In the 2015-2016 school year, less than half — 45 percent — of Maryland kindergartners came in ready for school.
Fifty-five percent of Carroll County kindergartners demonstrated readiness, a number that, while higher than the state average, still leaves nearly half of the new students unprepared to start formal education.
With this information, Carroll County Public Schools are working to develop their own programs, and partner with community organizations to help young children prepare for a life of learning.
Major importance has been placed on early childhood education as more and more data proves correlation with early learning to later success. Kids who head to school at higher levels of readiness see a multitude of benefits, according to the Ready at Five organization.
Children who enter ready are "healthier and are less likely to become involved with the criminal justice system and drop out of school," according to Ready at Five. "These children experience future academic success, attain higher levels of education and typically have higher earnings throughout their lives."
So in addition to standard full-day kindergarten, Carroll County offers prekindergarten to those who are income-eligible, said Annie Blonkowski, supervisor of Early Childhood Education.
Data from the Ready at Five program show the importance of offering services to those in low-income situations: In Carroll, 41 percent of kids in low-income households are ready for kindergarten, compared with 57 percent from mid- to high-income households.
The school system has also paired with the Judy Center Partnership a state-funded program that promotes readiness for kids from birth to age 5.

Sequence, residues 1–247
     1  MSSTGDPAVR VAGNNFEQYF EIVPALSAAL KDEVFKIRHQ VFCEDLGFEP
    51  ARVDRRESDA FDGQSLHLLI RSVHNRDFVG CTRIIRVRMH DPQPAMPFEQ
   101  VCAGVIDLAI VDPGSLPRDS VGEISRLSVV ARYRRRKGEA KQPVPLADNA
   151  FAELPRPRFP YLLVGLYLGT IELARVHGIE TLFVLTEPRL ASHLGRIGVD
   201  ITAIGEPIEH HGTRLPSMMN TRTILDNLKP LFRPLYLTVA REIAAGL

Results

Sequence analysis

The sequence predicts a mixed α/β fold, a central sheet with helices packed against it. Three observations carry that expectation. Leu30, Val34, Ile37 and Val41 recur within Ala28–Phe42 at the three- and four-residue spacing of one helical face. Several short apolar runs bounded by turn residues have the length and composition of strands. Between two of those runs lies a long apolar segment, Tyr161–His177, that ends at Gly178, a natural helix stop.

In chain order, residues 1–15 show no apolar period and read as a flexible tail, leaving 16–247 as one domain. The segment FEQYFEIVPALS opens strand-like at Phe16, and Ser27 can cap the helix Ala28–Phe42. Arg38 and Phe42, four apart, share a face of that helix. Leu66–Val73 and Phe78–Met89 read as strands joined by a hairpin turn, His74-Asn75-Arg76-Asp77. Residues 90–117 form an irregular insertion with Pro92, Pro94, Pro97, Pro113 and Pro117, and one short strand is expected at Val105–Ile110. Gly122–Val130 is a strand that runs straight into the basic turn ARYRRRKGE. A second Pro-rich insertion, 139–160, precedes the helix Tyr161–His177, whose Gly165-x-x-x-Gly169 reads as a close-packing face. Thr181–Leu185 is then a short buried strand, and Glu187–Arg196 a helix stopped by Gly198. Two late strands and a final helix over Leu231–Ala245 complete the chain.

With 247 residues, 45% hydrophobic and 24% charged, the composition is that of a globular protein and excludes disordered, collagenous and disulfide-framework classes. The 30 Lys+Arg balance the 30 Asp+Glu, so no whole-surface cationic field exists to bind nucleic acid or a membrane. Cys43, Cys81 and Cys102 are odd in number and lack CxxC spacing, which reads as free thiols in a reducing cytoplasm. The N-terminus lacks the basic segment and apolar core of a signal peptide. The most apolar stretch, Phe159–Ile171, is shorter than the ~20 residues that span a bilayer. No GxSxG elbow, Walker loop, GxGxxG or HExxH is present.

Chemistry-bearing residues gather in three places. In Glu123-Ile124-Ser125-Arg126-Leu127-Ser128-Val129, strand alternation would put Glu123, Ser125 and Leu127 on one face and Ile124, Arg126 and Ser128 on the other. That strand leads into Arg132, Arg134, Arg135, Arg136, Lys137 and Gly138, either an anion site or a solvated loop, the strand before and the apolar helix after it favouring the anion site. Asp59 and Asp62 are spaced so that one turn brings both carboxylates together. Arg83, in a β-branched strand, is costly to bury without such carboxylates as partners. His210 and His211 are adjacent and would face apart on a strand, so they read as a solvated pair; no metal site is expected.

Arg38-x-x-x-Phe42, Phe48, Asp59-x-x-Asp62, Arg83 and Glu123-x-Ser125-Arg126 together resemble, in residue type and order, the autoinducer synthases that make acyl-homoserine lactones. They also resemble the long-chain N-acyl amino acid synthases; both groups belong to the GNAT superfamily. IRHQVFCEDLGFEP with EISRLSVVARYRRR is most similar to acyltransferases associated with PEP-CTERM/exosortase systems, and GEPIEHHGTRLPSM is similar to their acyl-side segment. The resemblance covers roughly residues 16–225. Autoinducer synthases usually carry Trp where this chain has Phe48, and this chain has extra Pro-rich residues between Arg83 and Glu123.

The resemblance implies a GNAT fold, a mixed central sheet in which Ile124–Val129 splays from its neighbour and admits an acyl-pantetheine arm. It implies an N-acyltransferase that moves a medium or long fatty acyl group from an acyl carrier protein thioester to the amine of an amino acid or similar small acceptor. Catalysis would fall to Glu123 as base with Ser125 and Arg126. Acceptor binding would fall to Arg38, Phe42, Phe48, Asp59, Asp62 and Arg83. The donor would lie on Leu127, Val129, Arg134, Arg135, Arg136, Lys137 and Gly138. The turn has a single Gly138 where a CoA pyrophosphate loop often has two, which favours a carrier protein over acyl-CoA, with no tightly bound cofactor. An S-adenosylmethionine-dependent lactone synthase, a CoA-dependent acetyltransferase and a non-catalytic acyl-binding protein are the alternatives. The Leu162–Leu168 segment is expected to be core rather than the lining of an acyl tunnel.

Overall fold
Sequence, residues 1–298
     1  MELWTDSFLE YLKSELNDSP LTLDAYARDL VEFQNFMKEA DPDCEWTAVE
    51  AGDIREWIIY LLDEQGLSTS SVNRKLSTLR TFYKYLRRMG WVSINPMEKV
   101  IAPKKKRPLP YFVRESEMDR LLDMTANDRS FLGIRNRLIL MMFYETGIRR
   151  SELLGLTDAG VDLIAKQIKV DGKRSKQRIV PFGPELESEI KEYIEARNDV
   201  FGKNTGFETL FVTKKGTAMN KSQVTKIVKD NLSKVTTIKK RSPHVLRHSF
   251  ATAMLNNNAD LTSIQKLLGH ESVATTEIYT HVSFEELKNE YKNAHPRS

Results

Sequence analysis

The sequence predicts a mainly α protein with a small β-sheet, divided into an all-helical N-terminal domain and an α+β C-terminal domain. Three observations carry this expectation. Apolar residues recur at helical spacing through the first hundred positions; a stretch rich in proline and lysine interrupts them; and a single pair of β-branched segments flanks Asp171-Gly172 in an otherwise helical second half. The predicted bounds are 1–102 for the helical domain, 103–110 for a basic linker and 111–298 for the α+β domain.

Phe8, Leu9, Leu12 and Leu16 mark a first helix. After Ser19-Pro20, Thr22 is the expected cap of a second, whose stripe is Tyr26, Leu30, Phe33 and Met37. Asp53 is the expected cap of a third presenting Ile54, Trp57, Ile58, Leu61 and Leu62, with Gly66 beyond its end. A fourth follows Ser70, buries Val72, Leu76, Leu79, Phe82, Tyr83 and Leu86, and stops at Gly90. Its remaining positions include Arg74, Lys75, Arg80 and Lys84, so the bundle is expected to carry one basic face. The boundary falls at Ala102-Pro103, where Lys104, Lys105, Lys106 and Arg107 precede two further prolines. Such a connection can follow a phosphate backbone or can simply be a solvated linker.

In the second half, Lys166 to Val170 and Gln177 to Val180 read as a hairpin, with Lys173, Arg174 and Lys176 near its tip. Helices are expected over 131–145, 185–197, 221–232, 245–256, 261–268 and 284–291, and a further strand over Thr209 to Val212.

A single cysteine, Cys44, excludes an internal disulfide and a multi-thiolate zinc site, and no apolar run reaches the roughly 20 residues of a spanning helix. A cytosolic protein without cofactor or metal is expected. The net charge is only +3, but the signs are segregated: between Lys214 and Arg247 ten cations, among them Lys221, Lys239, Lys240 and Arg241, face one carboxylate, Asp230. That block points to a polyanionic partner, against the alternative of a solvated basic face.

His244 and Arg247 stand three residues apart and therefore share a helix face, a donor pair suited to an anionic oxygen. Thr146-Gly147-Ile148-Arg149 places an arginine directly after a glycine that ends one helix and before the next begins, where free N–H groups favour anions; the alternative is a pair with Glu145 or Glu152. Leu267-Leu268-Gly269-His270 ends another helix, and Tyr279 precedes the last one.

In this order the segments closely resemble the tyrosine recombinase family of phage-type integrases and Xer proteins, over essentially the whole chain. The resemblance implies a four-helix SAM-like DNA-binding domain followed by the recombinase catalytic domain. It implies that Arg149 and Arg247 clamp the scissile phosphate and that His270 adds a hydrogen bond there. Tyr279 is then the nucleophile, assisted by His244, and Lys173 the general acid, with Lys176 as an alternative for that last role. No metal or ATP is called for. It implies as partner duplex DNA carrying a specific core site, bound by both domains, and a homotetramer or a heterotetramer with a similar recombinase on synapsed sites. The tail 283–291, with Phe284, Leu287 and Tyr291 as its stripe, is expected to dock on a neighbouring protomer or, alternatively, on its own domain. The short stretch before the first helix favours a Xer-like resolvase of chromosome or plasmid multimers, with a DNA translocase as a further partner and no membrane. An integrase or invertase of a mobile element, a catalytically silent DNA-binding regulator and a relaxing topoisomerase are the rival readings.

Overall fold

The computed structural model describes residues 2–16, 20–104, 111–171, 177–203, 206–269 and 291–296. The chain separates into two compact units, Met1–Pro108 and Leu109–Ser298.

"We have a lot going on," Blonkowski said. "In order to prepare children to become … productive citizens … we need to work with them while they're young."
These programs work to help kids become ready in multiple areas, from social to math to reading to motor skills, she said. They want kids to learn to problem solve and reason. And they want to do a lot of learning through play.
They work to help kids become comfortable and confident before they head to school, Blonkowski added.
"It's kind of like providing that clear pathway for them," she said.
And a big part of that comes through teamwork throughout the community.
The Judy Center Partnership works with agencies across the county, Sue Mitchell, of the Judy Center, said.
"The overall goal of the program is school readiness," she added.
The Judy Center works to be out in the community, and working not just with kids, but with parents, too. They offer PAT, or Parents as Teachers, where they do home visitations, Mitchell said.
This allows parents to better support their children and prepare them for school, and also allows those in the center to make sure everything is safe in the home.
But it's not just the work they do. The Judy Center partners with early learning centers throughout Carroll to help bridge the gap.
They look at the curriculum for other early childhood education services to help streamline the transition for kids as they move into the Carroll County school system. Prekindergarten is much more advanced than it was years ago, she added.
"We want to spread the word of getting your child ready before they actually start school," Mitchell said.
Celebree Learning Centers, an organization with locations throughout Maryland, is one of those groups that has partnered with the Judy Center. The center is working with helping Celebree become accredited, Mitchell said.
Lisa Henkel, chief operating officer for Celebree Learning Centers, takes their partnership with Carroll Schools seriously.
"We know now that the brain is doing a lot of development in those first five years," Henkel said.
It makes early education really important, she said — they want to help children be ready.
They work to get the kids in their programs into the local schools, and also have teachers meet the future students. Celebree works to track kids' progress so that when they move on to public schools, they can share that information with teachers, Henkel said.
"We're really trying to keep working hard together," Blonkowski said. "We can't do it alone. We really are trying to build a seamless transition between prekindergarten and kindergarten."